It was a classic good-cop, bad-cop pairing. The man was polite, apologetic and later even suggested better spots in and around the airport to film planes. The woman was everything you'd expect a Perth counter-terrorism cop to be: nasty, efficient, suspicious and mind-bogglingly stupid. You could tell she was craving conflict from the moment she jumped out of the car. They asked what we were doing and we told them what should've been obvious. I asked if it was a problem to be filming there. After all, we weren't inside the airport and the observation deck that we'd come for was open to the public – including, as we'd seen from our previous visits, people taking photos and videos. We'd also filmed on this very patch of grass before and police had driven by, with no questions asked. The man told us it was fine as long as we didn't get too close to the fences. Meanwhile, the woman checked the license of the car I'd borrowed for the shoot. There was a problem: the registration had expired a couple of weeks ago. The man asked if I could pay this now, to avoid a fine and court summons. I made a call and arranged it on the spot. The receipt popped up on his iPhone; he was satisfied and assured me nothing would come of it (given they were federal and not state police, I doubt they could've done much about it anyway). I thanked him. So far so good. But the expired registration had made the female officer's antennas prick up, prompting her to radio in a background check on us. While she waited for the information, she pulled Hugh aside.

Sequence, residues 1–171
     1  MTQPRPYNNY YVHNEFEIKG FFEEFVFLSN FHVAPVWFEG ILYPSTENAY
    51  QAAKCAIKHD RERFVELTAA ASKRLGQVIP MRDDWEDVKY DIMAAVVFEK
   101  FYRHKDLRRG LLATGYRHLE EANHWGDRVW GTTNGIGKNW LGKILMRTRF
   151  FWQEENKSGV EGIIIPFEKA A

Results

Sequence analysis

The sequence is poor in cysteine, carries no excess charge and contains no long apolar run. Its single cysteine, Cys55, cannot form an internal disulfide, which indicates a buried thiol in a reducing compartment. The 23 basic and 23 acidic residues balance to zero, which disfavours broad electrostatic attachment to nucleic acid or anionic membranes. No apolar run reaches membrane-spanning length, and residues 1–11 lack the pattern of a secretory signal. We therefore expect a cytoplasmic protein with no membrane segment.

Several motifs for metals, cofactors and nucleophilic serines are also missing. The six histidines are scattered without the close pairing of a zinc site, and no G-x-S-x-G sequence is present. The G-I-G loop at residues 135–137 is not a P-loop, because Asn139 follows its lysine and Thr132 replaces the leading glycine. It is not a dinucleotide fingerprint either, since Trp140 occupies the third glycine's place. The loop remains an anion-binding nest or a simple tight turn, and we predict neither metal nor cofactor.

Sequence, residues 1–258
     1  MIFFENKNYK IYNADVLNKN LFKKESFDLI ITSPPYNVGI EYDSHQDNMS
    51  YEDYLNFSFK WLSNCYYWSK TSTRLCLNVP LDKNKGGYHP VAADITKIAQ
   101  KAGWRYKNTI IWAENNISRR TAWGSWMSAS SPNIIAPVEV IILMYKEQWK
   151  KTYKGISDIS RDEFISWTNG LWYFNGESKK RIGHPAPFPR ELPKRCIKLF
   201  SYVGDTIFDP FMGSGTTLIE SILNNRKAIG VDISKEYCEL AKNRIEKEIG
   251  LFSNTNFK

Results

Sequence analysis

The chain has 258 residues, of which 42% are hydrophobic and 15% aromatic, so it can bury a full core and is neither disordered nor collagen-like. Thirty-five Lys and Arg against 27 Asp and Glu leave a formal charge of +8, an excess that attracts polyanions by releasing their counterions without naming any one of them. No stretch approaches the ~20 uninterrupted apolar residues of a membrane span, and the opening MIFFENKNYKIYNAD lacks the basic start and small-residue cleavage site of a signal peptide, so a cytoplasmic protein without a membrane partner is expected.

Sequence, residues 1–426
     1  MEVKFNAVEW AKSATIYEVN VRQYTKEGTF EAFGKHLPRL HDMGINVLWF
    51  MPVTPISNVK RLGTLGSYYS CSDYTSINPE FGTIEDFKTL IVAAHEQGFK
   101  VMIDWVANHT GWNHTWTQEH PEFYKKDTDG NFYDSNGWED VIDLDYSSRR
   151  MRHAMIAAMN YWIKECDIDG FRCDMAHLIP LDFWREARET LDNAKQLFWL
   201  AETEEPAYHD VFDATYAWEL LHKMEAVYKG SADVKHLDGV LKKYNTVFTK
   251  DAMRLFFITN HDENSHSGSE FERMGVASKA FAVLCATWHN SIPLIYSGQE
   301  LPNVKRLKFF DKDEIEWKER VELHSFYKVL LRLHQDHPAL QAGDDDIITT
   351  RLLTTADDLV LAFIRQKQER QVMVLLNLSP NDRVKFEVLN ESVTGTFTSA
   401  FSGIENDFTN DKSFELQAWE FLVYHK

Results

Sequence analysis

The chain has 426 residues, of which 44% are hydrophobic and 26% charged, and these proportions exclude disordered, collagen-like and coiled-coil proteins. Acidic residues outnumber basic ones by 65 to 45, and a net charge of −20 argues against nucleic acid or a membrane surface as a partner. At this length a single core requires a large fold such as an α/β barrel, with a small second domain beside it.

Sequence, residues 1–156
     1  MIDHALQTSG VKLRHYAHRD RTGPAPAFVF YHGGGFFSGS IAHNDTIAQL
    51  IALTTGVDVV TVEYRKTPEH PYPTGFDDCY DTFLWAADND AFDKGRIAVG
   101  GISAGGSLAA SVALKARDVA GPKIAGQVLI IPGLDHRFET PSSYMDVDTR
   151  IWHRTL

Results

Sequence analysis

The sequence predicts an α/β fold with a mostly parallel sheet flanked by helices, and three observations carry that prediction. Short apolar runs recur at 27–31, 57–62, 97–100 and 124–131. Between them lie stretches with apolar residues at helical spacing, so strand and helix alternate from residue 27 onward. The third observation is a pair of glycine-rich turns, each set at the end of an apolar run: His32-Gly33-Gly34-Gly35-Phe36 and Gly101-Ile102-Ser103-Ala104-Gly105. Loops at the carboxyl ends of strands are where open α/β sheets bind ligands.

"Do you have a criminal record?"
"Tell me now if you have a criminal record, or we'll quickly find out."
"I don't have a criminal record."
Then she pulled Ben aside.
"Have you been in trouble with the law before?"
"What are you doing here?"
"Shooting a film."
"Do you have any intention of doing anything illegal or related to terrorist activities?"
"Where are you from?"
I was making small talk with the male cop when I heard "Albany" mentioned on his partner's radio. I immediately realised what it referred to. "Something's come up," she said, and turned to me. "Do you have anything you shouldn't have in the car?" I told her I didn't. She told me to open the boot. I asked her if she was aware that the Albany thing was just a routine check, that there was nothing at all to it. Too bad; Hugh and I were on record. Expecting her to have only a quick glance inside, and eager to get rid of the moron as soon as possible, I opened the boot. The two of them then proceeded to check everything: every case, every zip pocket on every bag, every compartment in the car, even the bag full of bananas and cashew nuts that was to be our breakfast. A name was written in White-Out on one of the lens cases – a previous owner of the case, which had been given to me by somebody else. She made a note and demanded to know who it was. She then turned to Ben and asked what he did for work; he replied that he taught at a university.
"So when I asked you before where you were from, why didn't you mention that?"
"I didn't realise that's what you meant, sorry I've only had four hours' sleep."